Another project that will be completed using Cutthroat Trout Slam funds involves removal of the Porter Fork weir, which is a fish barrier in Mill Creek Canyon. Revenue from the Cutthroat Slam will be combined with grant money from the National Forest Foundation to remove the weir.
This stream now boasts >600 fish per mile and has several fish growing over the 18-inch mark. Due to the lack of fishing pressure, or what I call “education,” these fish will take about anything.
It’s been great to talk with anglers on where to catch the four cutthroat trout subspecies and it is even more rewarding when they follow up with me once they’ve completed the slam. For the most part, everyone has truly enjoyed completing the slam and they feel that the challenge makes the reward that much more enjoyable.
The purchase of this power plant will aid the Division of Wildlife Resources in keeping a disease-free operation at the Fountain Green Fish Hatchery by switching from an open-reservoir water source to a covered and piped-at-the-source system.
Many fish lose weight during the winter months and when ice off occurs, they’re hungry and eager to put the lost weight back on. What this means for anglers is that during ice off, fish are hungry, active, concentrated and willing to take almost anything you throw.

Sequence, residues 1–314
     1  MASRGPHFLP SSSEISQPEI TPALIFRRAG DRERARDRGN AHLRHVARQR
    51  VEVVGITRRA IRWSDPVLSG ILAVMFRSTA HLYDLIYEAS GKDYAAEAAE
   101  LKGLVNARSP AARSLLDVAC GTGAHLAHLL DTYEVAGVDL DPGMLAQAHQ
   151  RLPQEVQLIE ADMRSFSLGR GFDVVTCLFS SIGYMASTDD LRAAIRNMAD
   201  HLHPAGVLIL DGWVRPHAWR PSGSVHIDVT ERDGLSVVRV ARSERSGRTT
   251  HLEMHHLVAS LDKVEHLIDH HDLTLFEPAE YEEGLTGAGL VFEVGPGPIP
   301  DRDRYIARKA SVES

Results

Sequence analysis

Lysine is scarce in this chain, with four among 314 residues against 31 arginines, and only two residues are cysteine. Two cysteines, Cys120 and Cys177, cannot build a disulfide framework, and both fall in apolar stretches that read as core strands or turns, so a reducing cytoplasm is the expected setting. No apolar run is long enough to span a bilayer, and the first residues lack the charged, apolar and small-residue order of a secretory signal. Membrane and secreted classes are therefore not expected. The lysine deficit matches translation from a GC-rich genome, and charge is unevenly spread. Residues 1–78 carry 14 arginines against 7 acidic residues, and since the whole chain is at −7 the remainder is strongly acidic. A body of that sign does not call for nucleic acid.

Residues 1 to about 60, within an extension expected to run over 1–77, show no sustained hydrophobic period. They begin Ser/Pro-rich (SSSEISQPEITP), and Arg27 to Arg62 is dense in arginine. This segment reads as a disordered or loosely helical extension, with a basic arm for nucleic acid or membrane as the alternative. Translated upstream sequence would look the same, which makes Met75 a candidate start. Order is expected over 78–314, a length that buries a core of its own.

Last spring, annual netting revealed an 89 percent increase in the number of lake trout that measured less than 25 inches. Biologists also aged over a hundred lake trout of varying sizes, and it was immediately clear that they are growing much slower than they did back in the 1980s and 90s.
ARE YOU IN search of Christmas gifts for your favorite angler? We can help! We asked a whole bunch of avid anglers around here what they could never have enough of, and these are the top picks.
Many DWR biologists (including me!) started off as university students working on projects funded by the DWR, and that led them to a career with the agency. It’s a great path if you are truly serious about becoming a professional biologist.
The precautions and steps listed above, while helping to prevent the spread of invasive mussels, will also minimize waiting times for boaters ready to launch or exit the area, reduce confusion regarding both Utah and Wyoming AIS laws and aid boaters in complying with those laws.
The growing number of pelicans caught the attention of managers and anglers. “They’re eating all the trout,” was the concern. In response, we teamed up with and Utah State University and began tracking the eating habits of the birds.
Jessen and Tamarack lakes have numerous tiger trout larger than our 18-inch measuring board, yet these fish have two or three summers of lifespan left! The fat content on these fish is outstanding. These fish are flat-out impressive!
Dropping a fluffy dry fly onto the surface of a small pool and watching a trout burst from its hiding place to quickly devour the fake bug was a thrill. It’s amazing what a memory can do — I just relived those heart-pounding moments!